The Hopkinsville-Christian County Recycling Center applied for $227,211 in state grants to buy a sorter and another baler, and the waste department has made an offer to rent a vacant building.
David Gibbs, director of the recycling program, said he’s “very confident” the grant application will succeed. The state will respond by July.
If it does, the program will likely improve its profit margin by sorting materials better — so it can fetch higher prices.
It will also have cleared two of the biggest obstacles toward citywide curbside recycling service. Right now, its small building and limited equipment render such a service impossible.
Gibbs and Tony Sicari, director of the Hopkinsville Solid Waste Authority, have been eying the former Mountain Metals Manufacturing building on Old Concord Lane. Sicari said it’s been empty for eight years. The owner is asking for $4,800 a month, and Sicari countered with $2,500. He’s waiting for a response.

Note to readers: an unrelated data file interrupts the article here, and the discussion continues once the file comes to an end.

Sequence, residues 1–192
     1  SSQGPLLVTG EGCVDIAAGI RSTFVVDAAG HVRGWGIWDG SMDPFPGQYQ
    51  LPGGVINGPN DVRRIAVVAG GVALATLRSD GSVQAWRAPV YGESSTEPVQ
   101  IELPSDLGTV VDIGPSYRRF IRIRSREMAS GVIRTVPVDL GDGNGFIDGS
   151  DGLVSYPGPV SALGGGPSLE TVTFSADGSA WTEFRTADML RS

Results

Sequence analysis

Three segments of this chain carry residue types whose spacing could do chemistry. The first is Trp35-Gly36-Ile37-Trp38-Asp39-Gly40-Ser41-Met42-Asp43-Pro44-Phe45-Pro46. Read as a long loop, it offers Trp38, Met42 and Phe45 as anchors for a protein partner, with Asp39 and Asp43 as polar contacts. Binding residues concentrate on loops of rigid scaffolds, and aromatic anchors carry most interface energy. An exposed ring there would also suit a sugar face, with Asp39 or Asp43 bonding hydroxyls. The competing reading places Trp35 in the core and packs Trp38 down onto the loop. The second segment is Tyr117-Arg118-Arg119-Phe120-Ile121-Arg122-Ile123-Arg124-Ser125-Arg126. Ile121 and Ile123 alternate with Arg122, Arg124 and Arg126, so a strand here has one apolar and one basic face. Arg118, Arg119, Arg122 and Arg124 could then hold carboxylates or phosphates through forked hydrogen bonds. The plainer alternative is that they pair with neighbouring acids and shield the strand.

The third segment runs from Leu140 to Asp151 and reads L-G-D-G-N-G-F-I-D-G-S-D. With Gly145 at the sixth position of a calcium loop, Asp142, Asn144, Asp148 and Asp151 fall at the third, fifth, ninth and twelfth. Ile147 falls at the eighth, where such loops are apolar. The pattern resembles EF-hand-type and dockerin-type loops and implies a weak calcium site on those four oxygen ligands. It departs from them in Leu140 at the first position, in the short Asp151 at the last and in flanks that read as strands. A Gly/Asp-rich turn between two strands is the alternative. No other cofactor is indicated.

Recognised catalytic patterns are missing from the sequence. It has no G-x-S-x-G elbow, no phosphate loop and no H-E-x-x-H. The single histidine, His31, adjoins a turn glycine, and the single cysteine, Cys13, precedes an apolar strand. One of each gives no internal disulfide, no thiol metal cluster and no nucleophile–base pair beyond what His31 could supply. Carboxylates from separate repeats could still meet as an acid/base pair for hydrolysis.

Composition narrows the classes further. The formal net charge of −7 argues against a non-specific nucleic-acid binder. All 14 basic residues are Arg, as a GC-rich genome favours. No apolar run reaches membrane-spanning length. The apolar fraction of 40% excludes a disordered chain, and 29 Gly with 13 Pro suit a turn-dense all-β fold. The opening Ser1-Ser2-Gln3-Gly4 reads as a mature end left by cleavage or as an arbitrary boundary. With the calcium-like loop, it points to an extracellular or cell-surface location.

“It’s like a football field on the inside,” Sicari said Thursday afternoon, at a meeting of the Pennyrile Solid Waste Management Authority.
Gibbs continues looking at other properties too.
Sicari plans to ask the Christian County government to help pay the rent. He intends to submit a request within the next few weeks, before the fiscal court finalizes its 2013-14 budget.
Christian County Jail already sends inmates to work at the recycling center. Gibbs said the jail has confirmed that it can supply six inmates every day for the sorting line, should the grant come through.
Sicari said in February that if the grant comes through, he’ll ask the city for $1.26 million to buy Herby Curbies, which the department would need for curbside service.
REACH NICK TABOR at 270-887-3231